California at 'Exceptional Drought' level: US Drought Monitor

LOS ANGELES -- A discouraging new report says California's drought is at its driest level. A new public awareness campaign has been launched to encourage people to conserve water.

More than half of California is now under "Exceptional Drought" stage, according to a new report by the U.S. Drought Monitor. Exceptional Drought is the highest level on the scale. Conditions haven't been this severe in 40 years.

"We are in an unprecedented drought and there is seemingly no end in sight," said Frances Spivy-Weber, State Water Resources Control Board.

Officials are launching a new statewide campaign to increase drought awareness.

"We are having record historic lows in water," said L.A. City Councilman Felipe Fuentes. "In fact, the state of California in its recorded history has never seen a drier than it did last year, and this year is not looking very good."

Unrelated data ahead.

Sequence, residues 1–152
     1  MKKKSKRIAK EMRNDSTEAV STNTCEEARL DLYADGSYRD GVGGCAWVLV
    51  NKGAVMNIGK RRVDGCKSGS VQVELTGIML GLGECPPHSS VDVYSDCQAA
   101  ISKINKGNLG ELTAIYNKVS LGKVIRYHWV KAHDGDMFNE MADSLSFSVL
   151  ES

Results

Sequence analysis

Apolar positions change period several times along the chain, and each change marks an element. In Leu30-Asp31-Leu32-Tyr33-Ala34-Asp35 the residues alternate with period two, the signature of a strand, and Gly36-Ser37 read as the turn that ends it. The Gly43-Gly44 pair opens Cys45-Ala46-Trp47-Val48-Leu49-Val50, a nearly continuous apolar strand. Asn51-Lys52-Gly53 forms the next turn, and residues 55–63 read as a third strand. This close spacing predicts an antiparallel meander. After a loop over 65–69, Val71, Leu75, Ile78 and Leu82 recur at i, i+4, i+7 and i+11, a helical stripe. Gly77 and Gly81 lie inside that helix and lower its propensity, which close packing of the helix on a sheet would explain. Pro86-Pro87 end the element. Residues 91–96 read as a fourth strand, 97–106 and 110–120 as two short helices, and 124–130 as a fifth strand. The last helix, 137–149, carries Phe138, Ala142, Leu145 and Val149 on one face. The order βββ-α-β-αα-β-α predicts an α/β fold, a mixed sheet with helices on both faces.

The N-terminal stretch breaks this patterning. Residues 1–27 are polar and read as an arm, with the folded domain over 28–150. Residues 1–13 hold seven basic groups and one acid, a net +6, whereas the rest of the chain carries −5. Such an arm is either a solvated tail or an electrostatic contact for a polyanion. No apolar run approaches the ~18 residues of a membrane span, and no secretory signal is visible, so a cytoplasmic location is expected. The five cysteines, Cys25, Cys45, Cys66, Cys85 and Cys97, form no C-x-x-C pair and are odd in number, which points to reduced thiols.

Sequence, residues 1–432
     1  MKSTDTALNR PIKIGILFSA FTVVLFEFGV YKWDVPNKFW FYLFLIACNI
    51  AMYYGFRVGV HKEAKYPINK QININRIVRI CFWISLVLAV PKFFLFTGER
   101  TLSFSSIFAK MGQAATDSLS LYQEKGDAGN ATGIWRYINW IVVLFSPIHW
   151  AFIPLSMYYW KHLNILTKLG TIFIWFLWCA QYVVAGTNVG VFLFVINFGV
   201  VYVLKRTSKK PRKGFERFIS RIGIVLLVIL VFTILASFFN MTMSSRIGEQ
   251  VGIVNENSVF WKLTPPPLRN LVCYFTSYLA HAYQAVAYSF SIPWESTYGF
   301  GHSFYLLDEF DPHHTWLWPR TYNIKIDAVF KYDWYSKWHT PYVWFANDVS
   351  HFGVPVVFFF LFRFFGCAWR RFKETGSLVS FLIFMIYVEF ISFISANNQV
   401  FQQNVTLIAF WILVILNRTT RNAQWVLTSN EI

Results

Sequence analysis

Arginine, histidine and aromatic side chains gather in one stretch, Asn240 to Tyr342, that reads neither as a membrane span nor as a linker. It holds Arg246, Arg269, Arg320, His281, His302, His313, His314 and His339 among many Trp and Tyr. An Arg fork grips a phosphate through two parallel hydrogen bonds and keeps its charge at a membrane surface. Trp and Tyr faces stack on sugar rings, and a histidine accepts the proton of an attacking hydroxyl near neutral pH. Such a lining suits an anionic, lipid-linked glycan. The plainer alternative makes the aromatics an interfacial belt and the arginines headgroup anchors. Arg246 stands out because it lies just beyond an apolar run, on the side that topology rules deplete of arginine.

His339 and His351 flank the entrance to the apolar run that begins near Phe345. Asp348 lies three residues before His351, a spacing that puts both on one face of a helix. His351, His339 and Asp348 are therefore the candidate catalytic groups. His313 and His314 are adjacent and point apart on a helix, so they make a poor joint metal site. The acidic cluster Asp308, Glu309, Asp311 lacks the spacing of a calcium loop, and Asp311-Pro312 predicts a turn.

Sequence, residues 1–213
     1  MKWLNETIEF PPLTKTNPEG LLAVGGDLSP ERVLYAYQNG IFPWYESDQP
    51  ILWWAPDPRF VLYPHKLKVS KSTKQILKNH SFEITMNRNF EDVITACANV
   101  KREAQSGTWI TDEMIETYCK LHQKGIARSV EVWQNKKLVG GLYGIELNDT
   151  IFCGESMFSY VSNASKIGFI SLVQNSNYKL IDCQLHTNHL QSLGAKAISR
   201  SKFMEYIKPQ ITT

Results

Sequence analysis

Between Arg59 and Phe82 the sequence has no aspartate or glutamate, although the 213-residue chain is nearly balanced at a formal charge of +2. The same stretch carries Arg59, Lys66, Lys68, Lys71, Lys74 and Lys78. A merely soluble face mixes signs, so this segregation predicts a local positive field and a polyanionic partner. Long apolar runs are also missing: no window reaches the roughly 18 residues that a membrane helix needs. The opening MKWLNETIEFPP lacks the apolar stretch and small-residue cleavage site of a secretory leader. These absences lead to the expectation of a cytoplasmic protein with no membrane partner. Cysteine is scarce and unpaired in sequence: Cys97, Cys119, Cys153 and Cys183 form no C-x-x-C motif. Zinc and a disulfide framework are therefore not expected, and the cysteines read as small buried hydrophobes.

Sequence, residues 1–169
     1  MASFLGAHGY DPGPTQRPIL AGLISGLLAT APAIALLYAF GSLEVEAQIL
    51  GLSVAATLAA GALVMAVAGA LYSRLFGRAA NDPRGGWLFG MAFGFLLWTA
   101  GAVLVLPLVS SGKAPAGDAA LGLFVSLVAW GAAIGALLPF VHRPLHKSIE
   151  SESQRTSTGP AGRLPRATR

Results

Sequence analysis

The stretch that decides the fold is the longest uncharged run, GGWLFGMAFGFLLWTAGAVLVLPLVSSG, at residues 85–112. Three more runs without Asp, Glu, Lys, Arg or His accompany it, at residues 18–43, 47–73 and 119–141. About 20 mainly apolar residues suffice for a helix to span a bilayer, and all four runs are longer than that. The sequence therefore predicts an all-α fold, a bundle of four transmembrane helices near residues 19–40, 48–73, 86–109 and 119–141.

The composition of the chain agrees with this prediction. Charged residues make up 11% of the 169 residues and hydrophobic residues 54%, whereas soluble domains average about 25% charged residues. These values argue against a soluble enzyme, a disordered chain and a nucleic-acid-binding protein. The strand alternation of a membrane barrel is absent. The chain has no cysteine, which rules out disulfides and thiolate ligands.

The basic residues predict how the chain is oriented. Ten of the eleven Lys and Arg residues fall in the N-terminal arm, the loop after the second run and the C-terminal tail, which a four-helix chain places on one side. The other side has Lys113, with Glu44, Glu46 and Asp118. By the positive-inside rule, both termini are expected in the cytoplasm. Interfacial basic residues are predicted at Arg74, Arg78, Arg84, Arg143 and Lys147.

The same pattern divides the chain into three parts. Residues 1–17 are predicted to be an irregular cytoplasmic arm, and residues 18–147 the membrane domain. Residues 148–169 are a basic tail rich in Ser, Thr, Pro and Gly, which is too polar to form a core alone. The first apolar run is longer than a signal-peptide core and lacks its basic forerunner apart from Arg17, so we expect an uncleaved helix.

Billboards will be going up across Southern California. There is a character called "Lawn Dude," saying he only needs to drink water two days a week. The images are meant to be humorous, but the message is very serious.

"The water is always there, and they hear it on the news, they get we're in drought, and everybody goes, 'But I'm doing my part,'" said Jeffrey Kightlinger, general manager, Metropolitan Water District. "And people are, by and large. But our water usage isn't really dropping in Southern California, so we are asking people take an extra step -- do something extra."

There's even an app that people can use if they see water waste, called VizSAFE. It allows someone to take a picture or a video. It records the location and you can send the photo to water officials so they can investigate. Meanwhile you can remain anonymous.

"The water crisis here in Southern California is extreme and people are passionate about the crisis they are in and they're playing by the rules. And they want to hold others accountable to also play by those rules," said Peter Mottur, VizSAFE CEO.

Officials say in this time of crisis, every little bit helps. At the Water District headquarters, they shut down their fountain to save water. It might be some time before it gets turned on again.